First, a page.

Good riddance to bad rubbish?
Steeles Law Associate Jean Parkinson and Trainee Solicitor Laura Tanguay discuss the new Private Member’s Bill on littering.
A new Private Member’s Bill on roadside littering was heard in the House of Lords last week. The aim of the Bill is to ‘close the loophole’ in the existing provisions and enable councils to hold someone accountable when litter is thrown from a vehicle.
At present, it is a criminal offence under sections 87 and 88 of the Environmental Protection Act (EPA) 1990 (as amended by the Clean Neighbourhoods and Environment Act (CNEA) 2005 which includes within the definition of ‘litter’ smoking related litter and chewing gum) to throw litter from a vehicle. Those found guilty of the offence can receive an £80 fixed penalty fine from the council, or a maximum fine of £2,500 for more serious offences tried in the Magistrates Court.
There is, however, a serious evidential difficultly in proving which particular person in the car was responsible for throwing the litter, and consequently, these provisions are rather ineffective in practice.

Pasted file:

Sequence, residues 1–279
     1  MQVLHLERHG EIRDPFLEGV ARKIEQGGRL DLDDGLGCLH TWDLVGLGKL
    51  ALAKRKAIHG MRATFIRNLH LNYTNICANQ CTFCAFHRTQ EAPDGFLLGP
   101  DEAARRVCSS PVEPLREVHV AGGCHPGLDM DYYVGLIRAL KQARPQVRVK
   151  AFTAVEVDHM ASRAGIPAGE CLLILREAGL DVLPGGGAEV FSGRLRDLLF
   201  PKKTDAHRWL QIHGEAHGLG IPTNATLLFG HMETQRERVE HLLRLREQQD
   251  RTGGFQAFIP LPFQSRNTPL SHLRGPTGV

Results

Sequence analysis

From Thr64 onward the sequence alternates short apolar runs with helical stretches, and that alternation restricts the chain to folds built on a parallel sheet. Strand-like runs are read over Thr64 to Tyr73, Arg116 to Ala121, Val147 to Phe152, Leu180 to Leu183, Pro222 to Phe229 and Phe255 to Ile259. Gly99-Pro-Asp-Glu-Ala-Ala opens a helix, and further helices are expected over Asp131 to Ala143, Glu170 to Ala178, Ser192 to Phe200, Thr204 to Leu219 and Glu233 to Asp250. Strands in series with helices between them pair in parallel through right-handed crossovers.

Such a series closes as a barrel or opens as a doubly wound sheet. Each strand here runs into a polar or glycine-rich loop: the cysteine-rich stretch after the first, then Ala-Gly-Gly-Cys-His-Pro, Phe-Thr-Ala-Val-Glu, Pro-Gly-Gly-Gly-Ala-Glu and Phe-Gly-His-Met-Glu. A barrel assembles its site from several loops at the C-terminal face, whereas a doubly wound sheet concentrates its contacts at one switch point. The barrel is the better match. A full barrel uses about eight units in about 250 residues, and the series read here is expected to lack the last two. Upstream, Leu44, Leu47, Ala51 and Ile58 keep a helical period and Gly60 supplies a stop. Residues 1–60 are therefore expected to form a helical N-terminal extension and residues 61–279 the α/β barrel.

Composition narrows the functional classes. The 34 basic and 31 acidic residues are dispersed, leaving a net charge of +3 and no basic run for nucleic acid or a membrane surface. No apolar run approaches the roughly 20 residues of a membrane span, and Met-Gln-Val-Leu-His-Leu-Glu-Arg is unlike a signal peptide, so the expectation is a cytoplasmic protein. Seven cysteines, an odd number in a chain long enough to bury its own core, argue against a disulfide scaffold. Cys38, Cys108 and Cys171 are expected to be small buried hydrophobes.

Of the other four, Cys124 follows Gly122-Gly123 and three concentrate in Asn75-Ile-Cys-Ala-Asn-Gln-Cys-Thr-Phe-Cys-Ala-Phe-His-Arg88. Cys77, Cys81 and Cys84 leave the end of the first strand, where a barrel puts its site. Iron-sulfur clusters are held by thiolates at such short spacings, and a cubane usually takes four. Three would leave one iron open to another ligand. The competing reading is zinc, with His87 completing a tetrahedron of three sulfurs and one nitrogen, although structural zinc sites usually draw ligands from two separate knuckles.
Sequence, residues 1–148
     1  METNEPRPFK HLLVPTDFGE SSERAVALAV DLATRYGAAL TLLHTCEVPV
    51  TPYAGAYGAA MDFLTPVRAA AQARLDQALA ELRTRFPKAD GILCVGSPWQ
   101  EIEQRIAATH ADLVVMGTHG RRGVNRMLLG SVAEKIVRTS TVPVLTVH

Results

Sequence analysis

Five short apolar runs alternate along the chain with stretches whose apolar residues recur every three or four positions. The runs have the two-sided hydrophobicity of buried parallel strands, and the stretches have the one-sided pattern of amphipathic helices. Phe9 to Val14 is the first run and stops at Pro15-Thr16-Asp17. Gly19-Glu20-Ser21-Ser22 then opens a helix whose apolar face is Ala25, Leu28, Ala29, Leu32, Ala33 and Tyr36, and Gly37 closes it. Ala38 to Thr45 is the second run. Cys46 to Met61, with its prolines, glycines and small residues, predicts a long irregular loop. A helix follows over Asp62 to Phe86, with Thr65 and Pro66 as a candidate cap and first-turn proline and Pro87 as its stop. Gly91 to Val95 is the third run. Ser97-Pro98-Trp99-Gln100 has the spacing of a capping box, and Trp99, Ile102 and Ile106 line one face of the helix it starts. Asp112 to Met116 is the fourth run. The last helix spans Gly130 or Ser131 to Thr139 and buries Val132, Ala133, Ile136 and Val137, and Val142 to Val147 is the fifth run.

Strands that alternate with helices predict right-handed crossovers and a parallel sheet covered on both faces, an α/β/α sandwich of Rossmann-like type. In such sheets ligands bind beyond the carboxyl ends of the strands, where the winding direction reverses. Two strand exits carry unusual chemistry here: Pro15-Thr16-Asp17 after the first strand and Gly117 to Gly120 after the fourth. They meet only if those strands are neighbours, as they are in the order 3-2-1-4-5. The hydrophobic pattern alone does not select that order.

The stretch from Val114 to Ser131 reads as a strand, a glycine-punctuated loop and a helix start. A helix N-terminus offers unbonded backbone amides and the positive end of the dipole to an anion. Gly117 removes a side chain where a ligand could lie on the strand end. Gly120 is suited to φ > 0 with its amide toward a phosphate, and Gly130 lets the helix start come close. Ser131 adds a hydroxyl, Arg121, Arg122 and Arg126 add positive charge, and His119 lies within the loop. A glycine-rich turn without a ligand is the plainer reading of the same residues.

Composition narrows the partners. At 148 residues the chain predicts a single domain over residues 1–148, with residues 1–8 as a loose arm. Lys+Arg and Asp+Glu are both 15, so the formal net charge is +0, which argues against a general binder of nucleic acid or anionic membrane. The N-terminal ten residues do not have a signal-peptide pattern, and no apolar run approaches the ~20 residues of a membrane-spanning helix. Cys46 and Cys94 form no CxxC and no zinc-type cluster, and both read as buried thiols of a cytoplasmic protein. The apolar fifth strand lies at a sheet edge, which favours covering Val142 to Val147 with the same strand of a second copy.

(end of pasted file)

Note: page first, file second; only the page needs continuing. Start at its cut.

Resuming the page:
Because of this, the London Local Authorities Act 2012 was enacted this year to enable councils in Greater London to issue civil penalties for littering to the registered owner of the vehicle, thereby removing the evidential burden of the existing criminal provisions. The penalties operate in the same way that speeding fines, seat belt, and parking offences do, with the owner of the vehicle automatically liable but able to nominate the guilty individual to bear the penalty.
The proposed new Bill seeks to extend this civil penalty to local authorities across England, allowing those councils outside of London to benefit from the provisions, thereby removing the current anomaly and rounding the legislative circle.
The new Bill has the support of CPRE (Campaign to Protect Rural England), with CPRE Stop the Drop Campaign Manager, Samantha Harding, stating, “if people think they can toss litter from their cars, councils should have an effective way to fine them and that’s what this bill delivers.”
Clearly, littering is of widespread concern, not only because of the associated harm to our countryside and wildlife, but also because of the huge cost implications to Local Authorities in removing the rubbish from our streets. Green Flag reports that the cost to taxpayers of clearing up litter on the roadside is £850 million a year. Similarly, Keep Britain Tidy estimates that over 30 million tonnes of litter are collected from our streets every year at a cost of £885 million per year.